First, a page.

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32 plan to retire at 55
Old 08-04-2015, 03:39 PM   #1
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32 plan to retire at 55

Hi, due to some recent events in my life I've decided to put a more firm plan in place for my retirement. I've always considered myself a saver with decent personal finance acumen, but would love to hear feedback on my situation and plan to retire at 55.

I'm 32 right now, giving me a horizon of 23 years to reach my retirement goal. I have a wife and twin 1 yr old boys and we plan to have at least 1 more child in the next few years.

I own 2 rental properties with about 100k in equity between the both of them with total rents of 2300 (500 net after mortgage pmt) with a remaining term of 25 years.

I just purchased my primary residence with a note of 360k for 30 years, the purchase appraisal came in at 510k, so about 150k in equity there.

My wife stays at home with the twins but will go back to work when they start going to school in a couple of years. I anticipate she would earn about 30k per year. I currently earn 110k working in corporate finance as an analyst and can reasonably expect 3-5% annual increases.

I contribute 20% of my salary to my 401k (including employer match) which has a balance of 100k. I also put 2k per year in a Roth IRA that has a balance of 20k. I have a taxable brokerage account with 15k that I do not contribute to and view it as more of an emergency fund. Most of these funds are invested in index funds or high growth mutual funds.

My saving and checkings accounts amount to 10k, which is currently lower than I'd like due to the down payment on the home we just purchased.

Each of my boys have 529 college accounts with 10k in them, I contribute 100 per month for each.

My goal is to have 2.5M in liquid assets (not including real estate) by the time I reach 55.

I think if I continue with my current savings rate I should be close to that goal. One of my concerns is that if I retire at 55 will I have trouble accessing my 401k and Roth IRA funds? I'm not sure of the rules on that.

Any feedback is welcome. Thanks!
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Old 08-04-2015, 05:21 PM   #2
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Search Roth IRA ladders for ways to get at your tax advantaged money prior to 59.5. The Mad Fientest has a good read on it that's easy to understand.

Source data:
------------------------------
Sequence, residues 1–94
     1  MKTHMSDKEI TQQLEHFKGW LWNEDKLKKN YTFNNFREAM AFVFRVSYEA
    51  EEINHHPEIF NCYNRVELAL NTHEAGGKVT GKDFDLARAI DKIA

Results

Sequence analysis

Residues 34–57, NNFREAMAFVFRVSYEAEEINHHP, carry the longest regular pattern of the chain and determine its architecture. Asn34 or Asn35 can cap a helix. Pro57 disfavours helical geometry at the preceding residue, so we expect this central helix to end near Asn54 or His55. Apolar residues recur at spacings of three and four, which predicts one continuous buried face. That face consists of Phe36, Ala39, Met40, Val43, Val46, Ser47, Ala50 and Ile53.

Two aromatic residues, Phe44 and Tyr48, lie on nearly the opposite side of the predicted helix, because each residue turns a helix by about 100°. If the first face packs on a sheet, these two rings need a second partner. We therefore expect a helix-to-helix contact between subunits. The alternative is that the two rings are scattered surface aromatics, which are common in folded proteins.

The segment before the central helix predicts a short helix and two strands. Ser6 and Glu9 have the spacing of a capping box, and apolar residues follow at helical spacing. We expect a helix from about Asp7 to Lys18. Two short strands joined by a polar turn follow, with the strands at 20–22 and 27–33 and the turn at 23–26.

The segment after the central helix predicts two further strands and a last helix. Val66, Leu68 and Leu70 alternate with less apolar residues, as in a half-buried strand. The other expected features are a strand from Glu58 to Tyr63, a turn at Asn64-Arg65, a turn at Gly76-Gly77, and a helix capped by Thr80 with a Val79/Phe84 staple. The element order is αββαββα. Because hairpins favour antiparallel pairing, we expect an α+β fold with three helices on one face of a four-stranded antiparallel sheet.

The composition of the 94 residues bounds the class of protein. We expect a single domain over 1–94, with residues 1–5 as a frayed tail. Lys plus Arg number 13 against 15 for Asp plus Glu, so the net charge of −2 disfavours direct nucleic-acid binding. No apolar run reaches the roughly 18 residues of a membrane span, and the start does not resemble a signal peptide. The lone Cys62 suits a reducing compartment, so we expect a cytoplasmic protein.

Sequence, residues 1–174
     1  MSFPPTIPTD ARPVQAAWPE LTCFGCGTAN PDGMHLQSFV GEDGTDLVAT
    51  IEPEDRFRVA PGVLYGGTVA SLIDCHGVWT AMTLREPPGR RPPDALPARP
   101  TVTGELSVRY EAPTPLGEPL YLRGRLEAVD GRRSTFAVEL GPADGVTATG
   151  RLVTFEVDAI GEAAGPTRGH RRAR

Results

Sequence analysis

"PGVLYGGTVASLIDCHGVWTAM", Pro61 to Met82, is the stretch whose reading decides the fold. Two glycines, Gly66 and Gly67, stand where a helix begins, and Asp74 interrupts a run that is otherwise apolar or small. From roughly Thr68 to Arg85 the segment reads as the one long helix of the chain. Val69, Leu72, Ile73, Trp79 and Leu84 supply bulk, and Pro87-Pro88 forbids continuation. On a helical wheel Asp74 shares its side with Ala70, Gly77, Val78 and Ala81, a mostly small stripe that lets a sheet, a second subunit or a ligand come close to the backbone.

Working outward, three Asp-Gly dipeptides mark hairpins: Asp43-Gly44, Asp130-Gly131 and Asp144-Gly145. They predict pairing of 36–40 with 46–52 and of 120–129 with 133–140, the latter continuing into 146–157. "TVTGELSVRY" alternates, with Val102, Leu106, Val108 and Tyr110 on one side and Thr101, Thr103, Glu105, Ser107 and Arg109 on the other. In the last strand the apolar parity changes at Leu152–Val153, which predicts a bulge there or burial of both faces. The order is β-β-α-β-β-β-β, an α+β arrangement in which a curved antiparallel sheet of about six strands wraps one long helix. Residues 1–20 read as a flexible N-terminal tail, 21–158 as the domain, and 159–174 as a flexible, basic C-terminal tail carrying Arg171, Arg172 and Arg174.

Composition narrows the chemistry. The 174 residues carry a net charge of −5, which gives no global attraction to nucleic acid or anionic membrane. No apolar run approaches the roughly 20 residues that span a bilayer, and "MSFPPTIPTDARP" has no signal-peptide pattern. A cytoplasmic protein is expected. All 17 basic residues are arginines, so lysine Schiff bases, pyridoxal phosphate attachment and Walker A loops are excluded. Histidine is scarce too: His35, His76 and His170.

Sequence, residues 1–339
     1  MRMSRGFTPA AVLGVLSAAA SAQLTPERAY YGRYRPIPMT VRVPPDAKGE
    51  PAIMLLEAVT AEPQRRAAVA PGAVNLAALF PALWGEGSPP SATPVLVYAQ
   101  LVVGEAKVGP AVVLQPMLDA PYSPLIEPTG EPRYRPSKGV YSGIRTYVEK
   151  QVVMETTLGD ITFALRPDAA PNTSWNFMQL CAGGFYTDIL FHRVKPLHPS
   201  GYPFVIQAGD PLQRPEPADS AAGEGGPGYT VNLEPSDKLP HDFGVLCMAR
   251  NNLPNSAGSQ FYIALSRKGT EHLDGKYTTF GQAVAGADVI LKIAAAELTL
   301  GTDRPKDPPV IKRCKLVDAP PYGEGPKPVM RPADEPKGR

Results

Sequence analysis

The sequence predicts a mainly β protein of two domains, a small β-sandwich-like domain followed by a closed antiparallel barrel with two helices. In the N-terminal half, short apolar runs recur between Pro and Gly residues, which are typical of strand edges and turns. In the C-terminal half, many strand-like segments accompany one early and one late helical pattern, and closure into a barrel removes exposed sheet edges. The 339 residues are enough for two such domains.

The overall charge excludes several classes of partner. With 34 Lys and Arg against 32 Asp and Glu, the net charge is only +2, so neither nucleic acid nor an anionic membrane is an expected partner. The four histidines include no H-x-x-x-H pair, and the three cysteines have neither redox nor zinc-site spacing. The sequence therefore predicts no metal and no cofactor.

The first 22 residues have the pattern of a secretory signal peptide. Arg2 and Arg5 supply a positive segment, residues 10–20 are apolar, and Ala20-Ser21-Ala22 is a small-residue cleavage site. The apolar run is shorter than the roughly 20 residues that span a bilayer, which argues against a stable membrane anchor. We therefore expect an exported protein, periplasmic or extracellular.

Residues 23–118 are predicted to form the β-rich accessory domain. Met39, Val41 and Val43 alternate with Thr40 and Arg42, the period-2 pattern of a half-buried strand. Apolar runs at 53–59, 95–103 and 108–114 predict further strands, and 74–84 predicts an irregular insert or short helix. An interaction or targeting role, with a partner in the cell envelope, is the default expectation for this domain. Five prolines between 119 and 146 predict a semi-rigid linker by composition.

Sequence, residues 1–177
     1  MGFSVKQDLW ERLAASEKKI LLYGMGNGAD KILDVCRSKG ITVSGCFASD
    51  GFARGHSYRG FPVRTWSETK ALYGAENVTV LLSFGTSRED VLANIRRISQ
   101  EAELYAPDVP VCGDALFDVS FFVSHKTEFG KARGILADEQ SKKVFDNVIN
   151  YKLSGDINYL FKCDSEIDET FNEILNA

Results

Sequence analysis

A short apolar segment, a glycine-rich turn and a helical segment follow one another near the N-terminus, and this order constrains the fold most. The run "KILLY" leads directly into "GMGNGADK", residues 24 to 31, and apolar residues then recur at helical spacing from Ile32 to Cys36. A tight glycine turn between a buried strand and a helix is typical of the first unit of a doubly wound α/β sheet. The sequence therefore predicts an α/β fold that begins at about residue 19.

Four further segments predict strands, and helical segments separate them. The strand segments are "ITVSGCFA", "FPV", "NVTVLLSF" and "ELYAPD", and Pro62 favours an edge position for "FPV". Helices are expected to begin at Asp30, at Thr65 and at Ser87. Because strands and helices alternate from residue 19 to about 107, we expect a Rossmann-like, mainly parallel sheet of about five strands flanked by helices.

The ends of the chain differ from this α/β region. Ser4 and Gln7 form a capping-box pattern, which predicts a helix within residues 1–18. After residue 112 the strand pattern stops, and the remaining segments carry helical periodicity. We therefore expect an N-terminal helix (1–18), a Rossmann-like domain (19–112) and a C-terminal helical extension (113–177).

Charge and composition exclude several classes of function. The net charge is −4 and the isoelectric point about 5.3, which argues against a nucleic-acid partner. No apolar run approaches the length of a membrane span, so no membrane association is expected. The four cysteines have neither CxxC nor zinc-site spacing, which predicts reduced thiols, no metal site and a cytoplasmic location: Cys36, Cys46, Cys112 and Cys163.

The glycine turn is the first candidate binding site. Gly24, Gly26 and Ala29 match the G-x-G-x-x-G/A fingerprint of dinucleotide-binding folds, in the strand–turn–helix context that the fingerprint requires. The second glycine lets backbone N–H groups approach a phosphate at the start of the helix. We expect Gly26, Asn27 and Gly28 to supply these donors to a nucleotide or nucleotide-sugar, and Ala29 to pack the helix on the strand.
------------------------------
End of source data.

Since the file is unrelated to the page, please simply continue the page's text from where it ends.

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Old 08-04-2015, 05:25 PM   #3
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Under current law, you can get your Roth IRA contributions and conversions back at any age as long as the Roth IRA has been open 5 years. Since this money has already been taxed, no income tax will be due nor penalty will apply.

The growth, however, will need to wait until age 59 1/2 to avoid jumping through hoops (ie 72(t) 401k/rule of 55 etc.).


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Old 08-04-2015, 06:16 PM   #4
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Quote:
Originally Posted by gauss View Post
Under current law, you can get your Roth IRA contributions and conversions back at any age as long as the Roth IRA has been open 5 years. Since this money has already been taxed, no income tax will be due nor penalty will apply.

The growth, however, will need to wait until age 59 1/2 to avoid jumping through hoops (ie 72(t) 401k/rule of 55 etc.).


-gauss

To clarify each conversion has it's own 5 year clock on taking conversion without the penalty.


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Old 08-04-2015, 07:13 PM   #5
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Welcome. One key part of FI is the amount saved, but your expenses are also key. Make sure to track them carefully for some time to understand how much you spend, where you could cut back if necessary and which expenses might change in retirement.
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Old 08-04-2015, 07:53 PM   #6